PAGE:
In a further embodiment, a method for correcting imaging data acquired using a medical imaging system is provided. The medical imaging system includes a first gamma camera, a second gamma camera, and a patient stretcher disposed between the first and second gamma cameras. The method includes determining a baseline position of the patient stretcher to generate a baseline stretcher position, determining a downward stretcher deflection at an extended end of the patient stretcher that occurs during stretcher extension to generate a sag correction factor for each stretcher position during an imaging process, subtracting the sag correction factor from the baseline stretcher position, and modifying at least a portion of the uncorrected imaging data to generate a unified image.
The foregoing summary, as well as the following detailed description of certain embodiments of the present invention, will be better understood when read in conjunction with the appended drawings. To the extent that the figures illustrate diagrams of the functional blocks of various embodiments, the functional blocks are not necessarily indicative of the division between hardware circuitry. Thus, for example, one or more of the functional blocks (e.g., processors or memories) may be implemented in a single piece of hardware (e.g., a general purpose signal processor or a block of random access memory, hard disk, or the like). Similarly, the programs may be stand alone programs, may be incorporated as subroutines in an operating system, may be functions in an installed software package, and the like. It should be understood that the various embodiments are not limited to the arrangements and instrumentality shown in the drawings.
As used herein, an element or step recited in the singular and proceeded with the word “a” or “an” should be understood as not excluding plural of said elements or steps, unless such exclusion is explicitly stated. Furthermore, references to “one embodiment” of the present invention are not intended to be interpreted as excluding the existence of additional embodiments that also incorporate the recited features. Moreover, unless explicitly stated to the contrary, embodiments “comprising” or “having” an element or a plurality of elements having a particular properly may include additional elements not having that property.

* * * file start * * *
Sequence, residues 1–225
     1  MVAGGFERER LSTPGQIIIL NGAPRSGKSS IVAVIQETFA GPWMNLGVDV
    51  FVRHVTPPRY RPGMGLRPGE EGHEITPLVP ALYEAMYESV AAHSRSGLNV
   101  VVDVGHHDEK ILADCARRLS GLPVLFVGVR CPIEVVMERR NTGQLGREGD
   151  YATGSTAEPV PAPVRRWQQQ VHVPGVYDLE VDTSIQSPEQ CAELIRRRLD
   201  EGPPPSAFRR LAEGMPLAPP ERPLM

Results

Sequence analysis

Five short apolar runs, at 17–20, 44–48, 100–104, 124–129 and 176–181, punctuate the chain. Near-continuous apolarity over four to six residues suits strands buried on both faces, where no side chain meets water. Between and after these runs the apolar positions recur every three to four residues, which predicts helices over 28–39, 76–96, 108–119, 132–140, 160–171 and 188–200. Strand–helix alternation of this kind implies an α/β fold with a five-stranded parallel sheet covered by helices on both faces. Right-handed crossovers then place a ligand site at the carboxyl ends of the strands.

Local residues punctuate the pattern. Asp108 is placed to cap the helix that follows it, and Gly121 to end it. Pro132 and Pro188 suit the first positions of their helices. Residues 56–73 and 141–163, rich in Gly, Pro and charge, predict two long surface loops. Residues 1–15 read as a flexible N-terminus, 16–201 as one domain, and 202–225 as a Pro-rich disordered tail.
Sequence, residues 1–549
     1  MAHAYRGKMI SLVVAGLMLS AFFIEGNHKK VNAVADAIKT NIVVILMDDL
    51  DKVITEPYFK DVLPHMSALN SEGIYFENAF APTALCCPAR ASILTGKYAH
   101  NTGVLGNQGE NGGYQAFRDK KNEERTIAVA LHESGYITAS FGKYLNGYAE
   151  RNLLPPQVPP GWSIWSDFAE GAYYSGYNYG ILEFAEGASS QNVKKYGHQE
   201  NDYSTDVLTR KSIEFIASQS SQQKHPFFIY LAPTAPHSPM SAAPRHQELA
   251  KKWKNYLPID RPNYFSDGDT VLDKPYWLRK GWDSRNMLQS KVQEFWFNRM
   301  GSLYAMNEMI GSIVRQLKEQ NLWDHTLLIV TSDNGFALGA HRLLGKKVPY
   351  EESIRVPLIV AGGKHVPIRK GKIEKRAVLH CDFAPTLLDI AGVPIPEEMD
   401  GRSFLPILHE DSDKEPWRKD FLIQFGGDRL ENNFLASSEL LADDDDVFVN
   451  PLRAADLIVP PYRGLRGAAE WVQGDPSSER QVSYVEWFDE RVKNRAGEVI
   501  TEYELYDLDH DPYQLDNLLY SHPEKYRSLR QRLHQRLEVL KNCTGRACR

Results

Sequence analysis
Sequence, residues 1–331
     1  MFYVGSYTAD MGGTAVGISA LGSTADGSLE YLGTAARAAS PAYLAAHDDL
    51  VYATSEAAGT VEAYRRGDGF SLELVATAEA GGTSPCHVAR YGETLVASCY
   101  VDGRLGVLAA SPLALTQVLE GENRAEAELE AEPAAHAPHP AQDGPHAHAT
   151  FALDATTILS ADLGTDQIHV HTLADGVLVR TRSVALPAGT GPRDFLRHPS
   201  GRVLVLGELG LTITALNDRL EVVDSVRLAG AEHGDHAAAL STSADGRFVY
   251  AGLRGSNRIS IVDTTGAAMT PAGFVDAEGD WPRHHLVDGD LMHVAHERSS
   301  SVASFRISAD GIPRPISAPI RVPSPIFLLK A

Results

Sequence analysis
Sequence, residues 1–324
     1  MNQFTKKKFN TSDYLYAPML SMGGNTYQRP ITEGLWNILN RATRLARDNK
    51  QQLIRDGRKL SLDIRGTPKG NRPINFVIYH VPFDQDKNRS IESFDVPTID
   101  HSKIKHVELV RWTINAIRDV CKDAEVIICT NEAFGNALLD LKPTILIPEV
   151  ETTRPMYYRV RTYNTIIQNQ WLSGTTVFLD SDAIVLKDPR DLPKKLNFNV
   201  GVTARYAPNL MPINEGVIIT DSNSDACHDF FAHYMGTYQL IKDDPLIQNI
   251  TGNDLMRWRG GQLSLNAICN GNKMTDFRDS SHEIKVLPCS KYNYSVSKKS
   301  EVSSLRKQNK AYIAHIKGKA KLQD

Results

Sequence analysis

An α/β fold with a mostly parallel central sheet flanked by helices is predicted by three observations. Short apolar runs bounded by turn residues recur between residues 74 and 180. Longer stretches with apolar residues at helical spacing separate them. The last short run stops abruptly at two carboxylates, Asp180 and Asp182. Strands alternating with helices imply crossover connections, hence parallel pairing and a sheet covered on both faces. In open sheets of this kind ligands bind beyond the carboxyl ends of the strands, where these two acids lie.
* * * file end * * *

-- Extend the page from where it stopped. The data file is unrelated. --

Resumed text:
Also as used herein, the phrase “reconstructing an image” is not intended to exclude embodiments of the present invention in which data representing an image is generated but a viewable image is not. Therefore, as used herein the term “image” broadly refers to both viewable images and data representing a viewable image. However, many embodiments generate, or are configured to generate, at least one viewable image.
Various embodiments of the invention provide a single-modality imaging system 10 as shown in
The single-modality imaging system 10 in the preferred embodiment is a nuclear medicine imaging system 10 that includes an integrated gantry 12 that further includes a stator 13, a rotor 14 oriented about a gantry central bore 32 that defines the patient imaging area. The rotor 14 is configured to support one or more nuclear medicine (NM) cameras 18, such as, but not limited to gamma cameras, SPECT detectors, and/or PET detectors. In the preferred embodiment, cameras 18 are large axial Field Of View (FOV) gamma detectors, for example having axial sensitive dimension of 15 to 50 cm. The rotor 14 is further configured to rotate axially about an examination axis 19. A patient table 20 may include a bed 22 slidingly coupled to a bed support system 24, which may be coupled directly to a floor or may be coupled to the gantry 12 through a base 26 coupled to gantry 12. The bed 22 may include a stretcher 28 slidingly coupled to an upper surface 30 of the bed 22. The patient table 20 is configured to facilitate ingress and egress of a patient (not shown) into an examination position that is substantially aligned with the examination axis 19. During an imaging scan, the patient table 20 is controlled to move the bed 22 and/or stretcher 28 axially into and out of the central bore 32. Additionally, the imaging system 10 includes a table motion controller 34 that is configured to facilitate up and down movement of the stretcher 28 so as to center different size patients in the center of bore 32 and to move the stretcher 28 through the central bore 32.